There are evidences that at the depth at which the phreatic zone is located, a very specific humidity condition will be defined in the environment that is directly proportional to its depth, i.e., there is a linear and direct relationship with soil moisture. Due to the above conditions, increases and decreases in the water table of a zone like those observed in Figure 2 can represent a direct relation to the period of time without precipitation, where and ϕ play an important role in the filtration/runoff interaction, being greater and faster the response the shorter is the period. Similarly, considering the logic to a hydrological response of the soil of a valley in the presence of rainfall, it is expected that the phreatic zone will vary in large scale depending on the time in which the rain occurs with respect to the previous period, and this hydrological response of the soil has increased to the extent that there are increases in phreatic zone, or decreases before the decrease; therefore, the speed of the believed hydrological response will depend on the forms of how and ϕ permit it.
In Figure 3(A), the spatial distribution 660 wells where the measurements of the depth of the water table (m), hydraulic conductivity (K, m/s), transmissivity (T, m2/s), curb height (hb, msnm), hydraulic load (H, dimensionless), and hydraulic gradient (∇.H) are presented. The last three parameters were important in the determination of the piezometric map indicating the preferential direction of the waters in the subsoil. In part B, of the same Figure 3, the monitoring network of 42 wells selected from the general network is shown, under the consideration that there is an ease in the road and gaps to achieve access to the wells and facilitate the transfer of samples to the laboratory to perform the determination of the texture parameters (Tx, dimensionless) and porosity (ϕ, %) of the soil. Parts C and D of Figure 3 present the map of the spatial distribution of the parameters Tx and ϕ measured in the laboratory. The last two maps are the result of the “Kriging” type interpolation made in the SURFER 10.0 computer program.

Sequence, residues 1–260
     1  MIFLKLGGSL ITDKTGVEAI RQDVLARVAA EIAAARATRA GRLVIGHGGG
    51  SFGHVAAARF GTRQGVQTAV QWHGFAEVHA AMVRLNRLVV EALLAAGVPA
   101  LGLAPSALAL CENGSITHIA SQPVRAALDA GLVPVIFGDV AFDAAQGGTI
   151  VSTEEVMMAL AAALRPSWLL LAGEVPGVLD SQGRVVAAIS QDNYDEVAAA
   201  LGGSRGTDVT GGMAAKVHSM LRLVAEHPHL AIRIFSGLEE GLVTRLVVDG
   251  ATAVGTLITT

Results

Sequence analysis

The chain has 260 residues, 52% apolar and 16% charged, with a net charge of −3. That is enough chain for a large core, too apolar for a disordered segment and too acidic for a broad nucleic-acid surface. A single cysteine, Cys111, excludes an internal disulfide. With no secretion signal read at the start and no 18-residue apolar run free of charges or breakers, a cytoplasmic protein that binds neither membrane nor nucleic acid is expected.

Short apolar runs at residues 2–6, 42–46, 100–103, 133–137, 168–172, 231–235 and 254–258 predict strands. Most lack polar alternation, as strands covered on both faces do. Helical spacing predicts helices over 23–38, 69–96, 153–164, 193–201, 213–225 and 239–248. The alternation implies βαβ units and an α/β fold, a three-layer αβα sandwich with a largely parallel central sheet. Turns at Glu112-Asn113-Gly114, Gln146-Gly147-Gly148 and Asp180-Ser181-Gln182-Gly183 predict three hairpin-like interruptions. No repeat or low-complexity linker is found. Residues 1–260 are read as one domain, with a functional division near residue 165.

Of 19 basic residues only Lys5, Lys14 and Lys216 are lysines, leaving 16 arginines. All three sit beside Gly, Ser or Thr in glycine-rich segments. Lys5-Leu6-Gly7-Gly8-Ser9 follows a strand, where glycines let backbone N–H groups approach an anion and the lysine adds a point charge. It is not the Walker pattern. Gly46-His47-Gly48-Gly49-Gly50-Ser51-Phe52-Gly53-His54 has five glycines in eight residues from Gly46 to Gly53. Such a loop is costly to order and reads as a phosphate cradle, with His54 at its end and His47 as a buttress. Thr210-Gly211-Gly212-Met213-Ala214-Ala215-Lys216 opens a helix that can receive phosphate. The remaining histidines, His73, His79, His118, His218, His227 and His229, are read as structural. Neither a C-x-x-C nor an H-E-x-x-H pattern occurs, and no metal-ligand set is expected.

The reason why a wide network of 660 wells was selected was due to the fact that it was considered to have a greater control in the phreatic depth of the aquifer due to the fact that most of the water is concentrated throughout the year, and it is with respect to the phreatic depth. This network constitutes a constant and important source of water volumes that intervene in the content of the environmental and soil humidity, as well as large volumes of water for the ETP processes occurring between the plant and the soil.
Figure 3(C) and (D) represents the spatial behavior of the equipotential curves for the values of Tx and ϕ, both obtained in the laboratory with their respective techniques. Since most of the crops in the valley are concentrated in the central areas of the valley, in the search of the best representation for Tx and ϕ, it was decided to have the majority of the wells distributed in random form in the central area as presented in Figure 3(B). Figure 3 presents the spatial variation of Tx for which a scale was established, ranging from 1 to 11, which allowed to analyze the granulometric variation that goes from the most compact, through the soils of intermediate type until reaching the lowest content of cement: (1) clay, (2) sandy clay, (3) silty clay, (4) clayey-sandy mudstone, (5) clayey mudstone, (6) clayey-silt mudstone, (7) sandy mudstone, (8) mudstone, (9) silty mudstone, (10) silt, and (11) sand. If it is taken into account that the soils have the highest concentration of cement between their grains, they are soils that have a tendency toward low values of K, T, and S, so this type of soil will be revealed in the drought seasons.